In this trying season of global economic despair, the relationship between breadwinner and dependent loved ones frequently erodes into anger, resentment and hate. Those who are down to their last few dollars grasp at employment straws often using the “greener pastures” rationalization that a change of locale will solve everything. Those wondering why their regular, filling meals are a thing of the past feel trapped and unable to grow up happy and content.
Director co-writer Kelly Reichardt (using Jonathan Raymond’s novel as the basis for their screenplay) has fashioned a cautionary tale for the ages. Wendy (Michelle Williams digs deep into the simmering angst—her breakdown in a gas station washroom is as powerful as it is brief) is convinced that better days await in Ketchikan, Alaska. Her devoted, playful dog, Lucy (playing herself), is game for anything until dwindling cash reserves and a Honda that won’t turn over temporarily halt their quest for a new, better life in Oregon.
Reichardt goes to great lengths to let his characters reveal themselves. The opening sequence gives a tastefully voyeuristic view (in no small part due to director of photography Sam Levy’s discreet angles and distance) of Wendy and Lucy playing chase-the-stick—the obvious love, trust and good humour established much more visually than pages of back-story or flashbacks ever could.
The specifically placed freight train horns also serve as a subtle reminder to the siren call of happier times anywhere but here. The supporting cast (notably Wally Dalton playing the tenderhearted security guard) are all nice people just doing their jobs and surviving to live another day. Wendy is also shown early on to care for others, gathering cans to cash in at the recycling depot only to be faced with a lineup so deep that she gives away her slight stash to a down-on-his-luck veteran in a wheelchair. Another point deftly made.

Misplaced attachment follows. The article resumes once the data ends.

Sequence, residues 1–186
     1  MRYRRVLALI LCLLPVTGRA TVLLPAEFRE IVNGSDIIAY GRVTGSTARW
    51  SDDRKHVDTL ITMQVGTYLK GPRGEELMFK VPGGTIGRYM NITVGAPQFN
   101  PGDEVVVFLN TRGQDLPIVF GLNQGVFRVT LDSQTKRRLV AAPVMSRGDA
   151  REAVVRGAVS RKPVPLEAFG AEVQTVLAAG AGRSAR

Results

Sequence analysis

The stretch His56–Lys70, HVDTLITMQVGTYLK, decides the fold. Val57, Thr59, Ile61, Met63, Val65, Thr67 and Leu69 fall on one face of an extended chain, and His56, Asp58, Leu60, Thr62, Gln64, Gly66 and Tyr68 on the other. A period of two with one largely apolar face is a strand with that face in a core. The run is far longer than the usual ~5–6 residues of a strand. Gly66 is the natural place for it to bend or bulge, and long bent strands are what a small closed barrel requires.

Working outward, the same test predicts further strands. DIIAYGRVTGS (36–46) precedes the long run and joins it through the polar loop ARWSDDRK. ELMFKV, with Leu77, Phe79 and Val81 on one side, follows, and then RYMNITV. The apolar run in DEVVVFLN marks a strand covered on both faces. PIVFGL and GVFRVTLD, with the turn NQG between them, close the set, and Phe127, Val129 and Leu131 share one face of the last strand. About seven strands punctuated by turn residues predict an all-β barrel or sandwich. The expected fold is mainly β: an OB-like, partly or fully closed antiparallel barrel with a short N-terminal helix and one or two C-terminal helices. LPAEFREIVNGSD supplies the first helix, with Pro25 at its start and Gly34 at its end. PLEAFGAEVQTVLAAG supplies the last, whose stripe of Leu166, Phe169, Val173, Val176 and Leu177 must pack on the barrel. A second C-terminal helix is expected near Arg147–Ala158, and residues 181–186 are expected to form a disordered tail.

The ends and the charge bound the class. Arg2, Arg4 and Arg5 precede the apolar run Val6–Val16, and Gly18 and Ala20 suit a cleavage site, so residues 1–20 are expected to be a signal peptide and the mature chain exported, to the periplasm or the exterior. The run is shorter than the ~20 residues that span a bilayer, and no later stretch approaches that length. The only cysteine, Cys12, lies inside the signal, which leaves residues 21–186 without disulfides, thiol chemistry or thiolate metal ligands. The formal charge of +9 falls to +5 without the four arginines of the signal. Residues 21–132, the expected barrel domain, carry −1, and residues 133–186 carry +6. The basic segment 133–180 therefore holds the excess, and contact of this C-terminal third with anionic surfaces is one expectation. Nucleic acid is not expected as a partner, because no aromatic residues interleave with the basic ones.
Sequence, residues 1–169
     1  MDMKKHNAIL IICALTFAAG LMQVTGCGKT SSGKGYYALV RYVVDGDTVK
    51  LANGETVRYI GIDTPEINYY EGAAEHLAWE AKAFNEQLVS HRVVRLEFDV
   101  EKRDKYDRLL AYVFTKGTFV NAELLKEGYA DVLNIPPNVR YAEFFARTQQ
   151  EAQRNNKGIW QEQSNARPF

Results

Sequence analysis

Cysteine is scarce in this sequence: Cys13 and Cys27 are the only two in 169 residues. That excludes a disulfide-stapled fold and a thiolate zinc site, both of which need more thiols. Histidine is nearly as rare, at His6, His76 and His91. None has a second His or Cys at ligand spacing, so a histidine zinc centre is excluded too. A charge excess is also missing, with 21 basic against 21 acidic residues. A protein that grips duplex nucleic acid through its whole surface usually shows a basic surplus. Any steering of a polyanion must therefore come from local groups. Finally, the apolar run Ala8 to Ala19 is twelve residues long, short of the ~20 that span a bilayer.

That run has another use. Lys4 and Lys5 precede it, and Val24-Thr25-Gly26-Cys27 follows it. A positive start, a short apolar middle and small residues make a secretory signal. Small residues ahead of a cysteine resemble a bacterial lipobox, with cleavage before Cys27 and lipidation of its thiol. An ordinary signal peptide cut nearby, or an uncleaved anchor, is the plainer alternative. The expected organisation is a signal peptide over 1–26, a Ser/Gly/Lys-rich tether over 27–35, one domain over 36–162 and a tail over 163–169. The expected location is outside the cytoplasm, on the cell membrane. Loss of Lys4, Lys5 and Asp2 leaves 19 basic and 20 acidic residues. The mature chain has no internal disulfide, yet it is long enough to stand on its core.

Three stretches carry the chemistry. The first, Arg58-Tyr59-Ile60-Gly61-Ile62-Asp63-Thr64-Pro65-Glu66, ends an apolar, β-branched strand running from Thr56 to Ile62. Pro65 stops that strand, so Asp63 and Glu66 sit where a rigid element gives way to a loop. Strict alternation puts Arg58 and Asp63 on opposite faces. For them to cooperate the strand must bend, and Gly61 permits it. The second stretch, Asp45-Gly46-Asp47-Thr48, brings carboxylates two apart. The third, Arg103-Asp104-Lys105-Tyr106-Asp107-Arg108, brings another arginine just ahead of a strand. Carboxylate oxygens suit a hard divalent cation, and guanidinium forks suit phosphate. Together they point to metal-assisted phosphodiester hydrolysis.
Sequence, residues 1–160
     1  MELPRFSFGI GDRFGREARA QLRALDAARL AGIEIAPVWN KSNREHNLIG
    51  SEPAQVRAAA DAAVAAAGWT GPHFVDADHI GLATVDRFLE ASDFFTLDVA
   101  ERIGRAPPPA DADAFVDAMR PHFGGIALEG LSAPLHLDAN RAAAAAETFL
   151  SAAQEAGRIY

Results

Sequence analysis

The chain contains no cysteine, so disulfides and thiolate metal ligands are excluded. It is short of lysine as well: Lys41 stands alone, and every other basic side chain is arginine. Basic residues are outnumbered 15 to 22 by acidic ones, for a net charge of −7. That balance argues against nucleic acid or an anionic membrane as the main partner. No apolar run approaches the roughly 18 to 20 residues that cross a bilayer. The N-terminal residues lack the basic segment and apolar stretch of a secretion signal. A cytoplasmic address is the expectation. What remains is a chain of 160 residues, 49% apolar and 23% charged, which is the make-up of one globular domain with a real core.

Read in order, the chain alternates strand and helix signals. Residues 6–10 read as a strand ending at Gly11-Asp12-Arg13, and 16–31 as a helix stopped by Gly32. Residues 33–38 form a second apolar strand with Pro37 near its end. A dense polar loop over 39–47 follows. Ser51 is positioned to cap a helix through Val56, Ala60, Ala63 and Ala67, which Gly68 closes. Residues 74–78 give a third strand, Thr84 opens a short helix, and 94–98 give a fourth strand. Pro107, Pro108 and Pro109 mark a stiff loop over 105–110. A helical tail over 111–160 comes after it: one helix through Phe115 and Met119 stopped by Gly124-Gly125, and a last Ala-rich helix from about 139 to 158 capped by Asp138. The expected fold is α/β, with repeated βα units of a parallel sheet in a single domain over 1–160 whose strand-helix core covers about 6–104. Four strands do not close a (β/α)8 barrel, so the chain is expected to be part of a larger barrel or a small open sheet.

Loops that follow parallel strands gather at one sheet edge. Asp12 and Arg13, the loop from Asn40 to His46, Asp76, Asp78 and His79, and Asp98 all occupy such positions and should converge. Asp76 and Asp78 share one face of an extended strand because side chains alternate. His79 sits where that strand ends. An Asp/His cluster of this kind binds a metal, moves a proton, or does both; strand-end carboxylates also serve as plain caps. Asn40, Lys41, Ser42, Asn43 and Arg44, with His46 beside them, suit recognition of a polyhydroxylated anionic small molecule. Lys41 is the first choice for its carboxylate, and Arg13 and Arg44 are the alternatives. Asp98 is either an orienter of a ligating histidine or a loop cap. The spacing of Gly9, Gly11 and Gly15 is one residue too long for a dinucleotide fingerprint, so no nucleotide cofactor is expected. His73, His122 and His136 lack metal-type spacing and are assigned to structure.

This entire, relatively difficult but nowhere near hopeless, situation takes a tragic turn for the worse as Wendy goes shopping in Walgreens. With Lucy tied to a bike rack outside, her master searches the aisles for extra-special canine delights but has no intention of paying for them. While pivotal to the remainder of the film (where nothing seems to go right: the car will require a King’s ransom to ever run again, Lucy disappears as her owner is charged, fingerprinted and detained by Portland’s finest) that criminal act doesn’t ring true. Strapped as she is, Wendy is far from destitute and today’s camera-infested world virtually assures being caught in the act. Her lame appeal “I wasn’t finished shopping …” quite rightly falls on deaf ears.
After further events unfold, the narrative comes to an unexpectedly moving conclusion when Wendy realizes the life she can offer her best friend is not fit for a dog. JWR